Some classes at a Toronto high school have as many as 40 students each, principal says

A Toronto high school principal is reporting that some classrooms at the school contain as many as 40 students but the numbers are expected to improve by next month when the board reviews its staffing levels.

Adam Marshall, principal of Northern Secondary School, sought to reassure parents and guardians in a letter on Monday, saying a provincial plan to reduce the number of high school teachers over the next four years will increase class sizes, but very large classes right now will “normalize.”

The overcrowding is temporary, he said.

The Ontario government has said it will limit the average secondary school class size to 22.5 students, up from 22. Because that figure is a board-wide average, individual class sizes could have more students. In March, the government said the average class size would increase from 22 to 28 students per teacher.

“In the first week of high school classes there have been a few isolated cases where some classes have reached as high as 40 or more students. Please know that this will change in the next few weeks to meet the expectations outlined above,” Marshall said in the letter.

Marshall noted that parents and guardians have expressed concerns about the class sizes and the impact of recent provincial government funding cuts to education. He said very large class sizes, and the resulting reorganization, won’t hurt students’ education.

“While understandable, I want to assure you that this is not uncommon for the first weeks of school,” he added.

Ryan Bird, spokesperson for the Toronto District School Board, said the board will sort out the numbers.

TDSB to readjust classes if necessary

“Each year, we will see cases of classes that are larger than they should be. We are hearing isolated cases of some classes that are 40 or more students. Obviously, that’s not normal,” Bird said.

“But what we do is when we review staffing in the opening weeks of school, we then see where are those classes, where are the students, where are we having more students than we anticipated, and then we can adjust, provide additional staffing, readjust the classes if necessary.”

The board has “held back” 80 high school teachers to see where they are needed and it will “release” them to the system to avoid overly large classes, he said.

Bird said it is too early to say whether the very large classes are directly due to funding cutbacks by the Doug Ford government. “We have to first look at all of our enrolment data. Once that’s in … then we can look at that and see how it compares to previous years,” Bird said.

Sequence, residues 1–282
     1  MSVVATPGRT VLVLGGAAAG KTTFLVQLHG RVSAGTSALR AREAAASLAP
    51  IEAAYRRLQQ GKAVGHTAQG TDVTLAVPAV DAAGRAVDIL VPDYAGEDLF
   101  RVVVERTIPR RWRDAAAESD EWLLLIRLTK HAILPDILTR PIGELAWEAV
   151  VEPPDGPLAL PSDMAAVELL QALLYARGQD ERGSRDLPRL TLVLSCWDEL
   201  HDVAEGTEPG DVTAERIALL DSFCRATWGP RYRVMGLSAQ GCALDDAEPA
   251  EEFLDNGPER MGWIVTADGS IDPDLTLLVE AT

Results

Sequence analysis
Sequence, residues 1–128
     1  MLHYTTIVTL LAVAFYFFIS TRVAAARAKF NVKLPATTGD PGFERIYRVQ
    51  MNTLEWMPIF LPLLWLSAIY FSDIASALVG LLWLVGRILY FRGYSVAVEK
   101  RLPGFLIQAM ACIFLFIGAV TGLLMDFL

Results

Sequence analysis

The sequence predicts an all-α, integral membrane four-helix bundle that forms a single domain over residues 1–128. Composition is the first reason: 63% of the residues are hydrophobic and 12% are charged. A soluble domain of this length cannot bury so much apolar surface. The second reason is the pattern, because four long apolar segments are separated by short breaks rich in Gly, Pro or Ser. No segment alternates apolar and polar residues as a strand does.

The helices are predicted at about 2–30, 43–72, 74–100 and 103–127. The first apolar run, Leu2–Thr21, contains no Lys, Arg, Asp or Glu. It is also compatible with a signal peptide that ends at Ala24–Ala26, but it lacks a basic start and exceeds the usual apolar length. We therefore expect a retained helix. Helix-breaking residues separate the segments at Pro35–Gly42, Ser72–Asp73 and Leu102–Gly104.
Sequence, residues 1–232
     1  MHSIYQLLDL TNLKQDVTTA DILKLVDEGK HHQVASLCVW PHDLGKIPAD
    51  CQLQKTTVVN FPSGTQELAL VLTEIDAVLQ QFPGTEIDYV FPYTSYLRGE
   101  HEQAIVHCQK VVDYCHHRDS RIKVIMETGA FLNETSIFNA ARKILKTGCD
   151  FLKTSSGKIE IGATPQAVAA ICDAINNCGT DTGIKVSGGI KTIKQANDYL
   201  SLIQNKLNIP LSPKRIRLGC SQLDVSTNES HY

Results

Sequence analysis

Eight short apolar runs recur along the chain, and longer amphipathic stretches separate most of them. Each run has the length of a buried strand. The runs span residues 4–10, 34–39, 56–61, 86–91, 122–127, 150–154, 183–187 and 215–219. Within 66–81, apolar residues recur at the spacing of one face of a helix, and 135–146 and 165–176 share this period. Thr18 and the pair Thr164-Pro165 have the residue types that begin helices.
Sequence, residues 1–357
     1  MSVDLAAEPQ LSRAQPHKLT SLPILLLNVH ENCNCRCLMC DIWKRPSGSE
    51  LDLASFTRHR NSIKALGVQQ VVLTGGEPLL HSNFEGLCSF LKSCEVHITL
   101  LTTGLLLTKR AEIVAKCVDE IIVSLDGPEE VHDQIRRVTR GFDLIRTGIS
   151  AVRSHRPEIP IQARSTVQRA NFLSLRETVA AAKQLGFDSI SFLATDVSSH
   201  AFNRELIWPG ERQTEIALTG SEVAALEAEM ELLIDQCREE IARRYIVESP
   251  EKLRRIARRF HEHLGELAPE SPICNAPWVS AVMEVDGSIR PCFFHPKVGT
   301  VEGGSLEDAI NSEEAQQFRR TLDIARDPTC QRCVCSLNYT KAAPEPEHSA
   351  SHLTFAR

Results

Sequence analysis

According to the Ontario Secondary School Teachers’ Federation, however, Northern is not alone. The union says overcrowded classrooms are due to a drop in the number of secondary school teachers.

Some kids without desks, others standing at back of rooms

“We’re hearing from classrooms all over the province that are just jammed with kids … We have certainly kids who can’t possibly expect to be able to get the kind of professional attention that they need,” Harvey Bischof, president of the OSSTF, said on Tuesday.

“The start of the school year is often a little messy, here and there, but we have never seen anything like this,” he added.

“In the past, when classes were oversized, boards would have the funding to hire in the additional staff that they hadn’t realized they would need on the first day of September. Now, they have been told by the provincial government there is … no additional staffing coming in to improve the situation.”

Alexandra Adamo, press secretary to Ontario Education Minister Stephen Lecce, said in a statement to CBC Toronto on Tuesday that schools have to make adjustments.

Schools face ‘enrolment challenges,’ province says

“With the start to the new school year, schools will be presented with enrolment challenges as new students enrol in the first few weeks of school and as final class placements and other timetabling considerations are resolved,” Adamo said.

“School board administration are required to plan and coordinate class and instructional organization based on provincial class size regulations and terms identified in local collective agreements.”

In the letter, Marshall said average class sizes under the provincial plan are expected to rise from 22 to 28 over four years as the number of teachers is reduced through attrition. The Ontario government has said that the provincial average high school class size for 2019-2020 will be 22.5 students.

Based on the current attrition rate at the TDSB, the average class size for 2019-2020 will be 23.6 students, an increase from an average of 21.9 students last school year.

High school has process to stabilize numbers, principal says

Marshall explained in the letter that Northern has a process that will stabilize class sizes by October.

The board projects enrolment for every school and every grade within schools each spring and allocates the number of teachers, he said. At the end of the third week of school, schools report enrolments to the board.

“At high schools that experience an enrolment greater than projection, there may be some reorganization of classes and/or they may be assigned additional teachers.”

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